Interactions are generated electronically based on the data that we store on complexes and reactions, i.e. the interactions provided by Reactome are not curated and are not experimental data. In addition, the complexes and reactions in species other than human are derived by orthology inference from the correspondinghuman complexes and reactions.
The meaning of "interaction" is quite broad: 2 protein sequences occur in the same complex or they occur in the same reaction.
The 1st line begins with '#' and gives the number of unique interactions, i.e. unique pairs if UniProt accession numbers.
The rest of the file is tab delimited with columns having following meaning/content:
- Protein ID (e.g. UniProt accession) for interactor 1.
- Ensembl gene id(s delimited by '|') for interactor 1. Note that one UniProt entry may be mapped to multiple Ensembl genes.
- Entrez Gene id(s delimited by '|') for interactor 1. Note that one UniProt entry may be mapped to multiple Entrez Gene ids.
- Protein ID (e.g. UniProt accession) for interactor 2.
- Ensembl gene id(s delimited by '|') for interactor 2. Note that one UniProt entry may be mapped to multiple Ensembl genes.
- Entrez Gene id(s delimited by '|') for interactor 2. Note that one UniProt entry may be mapped to multiple Entrez Gene ids.
- Type of interaction, either 'direct_complex', 'indirect_complex', 'reaction' or 'neighbouring_reaction'. Meanings of those below.
- Interaction context. This is the class and internal identifier of Reactome instance via which this interaction happens. For 'neighbouring_reaction' type interaction this contains a pair of class:identifier string separated by ''.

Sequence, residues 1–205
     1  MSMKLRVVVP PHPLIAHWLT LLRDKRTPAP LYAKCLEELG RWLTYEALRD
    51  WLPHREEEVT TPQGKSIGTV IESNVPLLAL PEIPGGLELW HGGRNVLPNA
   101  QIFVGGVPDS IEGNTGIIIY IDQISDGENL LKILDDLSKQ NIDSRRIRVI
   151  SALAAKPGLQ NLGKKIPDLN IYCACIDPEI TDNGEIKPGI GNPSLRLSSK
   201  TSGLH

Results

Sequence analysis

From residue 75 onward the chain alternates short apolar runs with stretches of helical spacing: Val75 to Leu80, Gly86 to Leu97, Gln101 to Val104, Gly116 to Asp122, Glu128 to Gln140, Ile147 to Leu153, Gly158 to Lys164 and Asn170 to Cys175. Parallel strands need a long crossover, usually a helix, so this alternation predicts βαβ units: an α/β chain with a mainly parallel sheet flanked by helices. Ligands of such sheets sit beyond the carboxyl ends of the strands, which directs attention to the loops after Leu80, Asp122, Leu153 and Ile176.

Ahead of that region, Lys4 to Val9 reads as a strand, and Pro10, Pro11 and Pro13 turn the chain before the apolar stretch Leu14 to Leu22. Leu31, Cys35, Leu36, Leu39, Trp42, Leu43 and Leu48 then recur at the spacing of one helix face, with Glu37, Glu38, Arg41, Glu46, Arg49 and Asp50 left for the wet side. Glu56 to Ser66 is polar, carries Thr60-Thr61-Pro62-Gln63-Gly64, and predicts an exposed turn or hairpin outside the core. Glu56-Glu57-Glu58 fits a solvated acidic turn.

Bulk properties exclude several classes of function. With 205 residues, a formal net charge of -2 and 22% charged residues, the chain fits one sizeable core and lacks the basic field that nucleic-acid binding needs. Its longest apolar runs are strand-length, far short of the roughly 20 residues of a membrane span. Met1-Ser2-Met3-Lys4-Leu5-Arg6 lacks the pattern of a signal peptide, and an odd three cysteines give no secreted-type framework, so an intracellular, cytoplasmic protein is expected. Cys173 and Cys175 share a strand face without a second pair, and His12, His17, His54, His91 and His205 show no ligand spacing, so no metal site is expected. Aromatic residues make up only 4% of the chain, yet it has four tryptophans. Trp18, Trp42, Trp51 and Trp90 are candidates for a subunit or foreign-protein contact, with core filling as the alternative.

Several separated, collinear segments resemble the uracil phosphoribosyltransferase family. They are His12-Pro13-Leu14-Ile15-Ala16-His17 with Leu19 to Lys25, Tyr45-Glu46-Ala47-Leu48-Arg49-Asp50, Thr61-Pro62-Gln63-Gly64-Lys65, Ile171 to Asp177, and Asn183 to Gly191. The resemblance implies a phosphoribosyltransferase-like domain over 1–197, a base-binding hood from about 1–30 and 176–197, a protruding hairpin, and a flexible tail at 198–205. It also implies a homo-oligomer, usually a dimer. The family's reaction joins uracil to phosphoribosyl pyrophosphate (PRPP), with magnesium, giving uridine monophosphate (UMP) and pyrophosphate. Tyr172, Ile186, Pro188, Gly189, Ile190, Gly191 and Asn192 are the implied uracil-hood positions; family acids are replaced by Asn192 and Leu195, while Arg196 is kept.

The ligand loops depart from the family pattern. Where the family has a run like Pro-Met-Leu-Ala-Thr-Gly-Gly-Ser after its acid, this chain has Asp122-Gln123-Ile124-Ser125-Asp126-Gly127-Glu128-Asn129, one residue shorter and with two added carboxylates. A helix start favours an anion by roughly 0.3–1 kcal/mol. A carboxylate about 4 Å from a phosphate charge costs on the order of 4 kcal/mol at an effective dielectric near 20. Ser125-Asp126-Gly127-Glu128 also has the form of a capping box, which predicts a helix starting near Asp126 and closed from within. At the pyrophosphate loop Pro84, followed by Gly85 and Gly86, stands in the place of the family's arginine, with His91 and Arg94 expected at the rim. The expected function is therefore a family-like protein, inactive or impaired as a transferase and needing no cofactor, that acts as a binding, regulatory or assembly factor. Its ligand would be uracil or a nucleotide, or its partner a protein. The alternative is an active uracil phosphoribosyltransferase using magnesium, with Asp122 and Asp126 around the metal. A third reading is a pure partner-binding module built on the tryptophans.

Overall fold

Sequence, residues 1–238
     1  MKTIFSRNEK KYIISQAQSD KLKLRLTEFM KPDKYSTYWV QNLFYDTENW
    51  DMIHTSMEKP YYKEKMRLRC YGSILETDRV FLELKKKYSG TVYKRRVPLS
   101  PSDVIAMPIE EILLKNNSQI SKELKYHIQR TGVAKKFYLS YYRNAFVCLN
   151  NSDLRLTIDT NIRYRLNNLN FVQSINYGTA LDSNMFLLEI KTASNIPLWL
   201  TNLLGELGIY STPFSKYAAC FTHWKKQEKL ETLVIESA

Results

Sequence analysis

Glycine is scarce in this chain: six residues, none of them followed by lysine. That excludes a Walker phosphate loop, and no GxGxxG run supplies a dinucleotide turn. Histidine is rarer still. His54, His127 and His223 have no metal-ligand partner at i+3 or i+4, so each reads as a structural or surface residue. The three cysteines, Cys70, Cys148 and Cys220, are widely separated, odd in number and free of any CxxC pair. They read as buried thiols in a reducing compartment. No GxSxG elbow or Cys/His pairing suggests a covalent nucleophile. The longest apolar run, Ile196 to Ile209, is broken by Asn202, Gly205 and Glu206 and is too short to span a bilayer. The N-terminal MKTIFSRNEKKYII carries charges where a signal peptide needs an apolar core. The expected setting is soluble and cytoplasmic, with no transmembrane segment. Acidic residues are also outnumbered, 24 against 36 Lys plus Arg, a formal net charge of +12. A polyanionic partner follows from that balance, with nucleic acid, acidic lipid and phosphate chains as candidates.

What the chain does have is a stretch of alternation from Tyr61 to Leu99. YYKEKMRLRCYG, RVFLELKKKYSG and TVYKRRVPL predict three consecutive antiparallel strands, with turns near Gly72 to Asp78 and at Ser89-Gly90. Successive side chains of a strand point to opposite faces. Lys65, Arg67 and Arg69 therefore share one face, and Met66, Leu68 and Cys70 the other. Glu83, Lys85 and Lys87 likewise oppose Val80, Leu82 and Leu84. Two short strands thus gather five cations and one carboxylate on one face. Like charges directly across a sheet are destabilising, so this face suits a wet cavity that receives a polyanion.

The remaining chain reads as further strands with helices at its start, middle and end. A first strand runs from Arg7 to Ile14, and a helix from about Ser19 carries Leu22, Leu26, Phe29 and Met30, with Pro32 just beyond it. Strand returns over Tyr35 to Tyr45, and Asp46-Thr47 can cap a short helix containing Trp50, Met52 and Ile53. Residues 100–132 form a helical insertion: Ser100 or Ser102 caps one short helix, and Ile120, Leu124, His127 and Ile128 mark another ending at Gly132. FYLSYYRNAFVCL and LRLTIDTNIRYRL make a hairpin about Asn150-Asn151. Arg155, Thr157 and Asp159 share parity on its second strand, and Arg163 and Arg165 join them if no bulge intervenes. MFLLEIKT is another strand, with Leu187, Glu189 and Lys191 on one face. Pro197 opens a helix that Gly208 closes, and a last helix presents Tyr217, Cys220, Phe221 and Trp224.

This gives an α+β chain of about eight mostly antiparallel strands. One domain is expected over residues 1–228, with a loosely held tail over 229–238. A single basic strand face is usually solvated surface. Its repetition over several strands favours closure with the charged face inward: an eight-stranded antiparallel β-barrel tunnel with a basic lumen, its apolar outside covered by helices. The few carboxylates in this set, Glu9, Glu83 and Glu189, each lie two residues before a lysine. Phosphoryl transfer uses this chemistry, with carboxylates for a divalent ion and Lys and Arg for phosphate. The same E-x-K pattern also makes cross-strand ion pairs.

- Comma-delimited list of PubMed identifiers supporting this interaction. For a reaction these are the PMIDs from the Reaction.literatureReference slot (and not from the "second tier" Reaction.summation.literatureReference). For a complex these are from reations which produce the complex. For 'neighbouring_reaction' type interaction this field is empty.
In Reactome, complexes can be arbitrarily nested, i.e., contain subcomplexes. Here we have complex C1 consisting of complexes C2 and C3. C2 consist of molecules A and B. C3 consists of molecules C and D:
C1 --- C2 --- A | | | |- B | |- C3 --- C | |- D
Now really to the interaction types:
- direct_complex - interactors are directly in the same complex, i.e. w/o further nested complexes. From the example interactions A B and C are of this type.
- indirect_complex - interactors in different subcomplexes of a complex. From the example above interactions AC, AD, BC and BD are of this type.
- reaction - interactors participate in the same reaction. Only those reactions are reported for which the intreactors are not complexed (with the exception being association dissociation reactions which are reported).
- neighbouring_reaction - interactor participate in 2 "consecutive" reactions, i.e. when one reaction produces a PhysicalEntity which is either an input or a catalyst for another reaction. However, to avoid the "trivial" (i.e. over ATP, ADP etc) interactions, the computation is done using the 'precedingEvent' attribute used to order reactions in a pathway.
The 'direct_complex' type doesn't really mean true pairwise interaction. For example, Reactome's representation of ribosomal S60 subunit consists "directly" of 40+ proteins and has no sub-complexes. Obviously this can hardly mean that each one of those component proteins directly interacts with every other protein. Hence, the 'direct_complex' vs. 'indirect_complex' distinction is quite meaningless.
- If the same interaction (i.e same UniProte accession pair) happens in multiple contexts, each context is reported on a separate row and hence the row number in the file is bigger than the number of unique interactions reported on the 1st line.
- The order of interactors on one line has no meaning (they are just ordered according to the Reactome internal identifier...). Every interaction with context is reported once, i.e. AB is not reported as BA.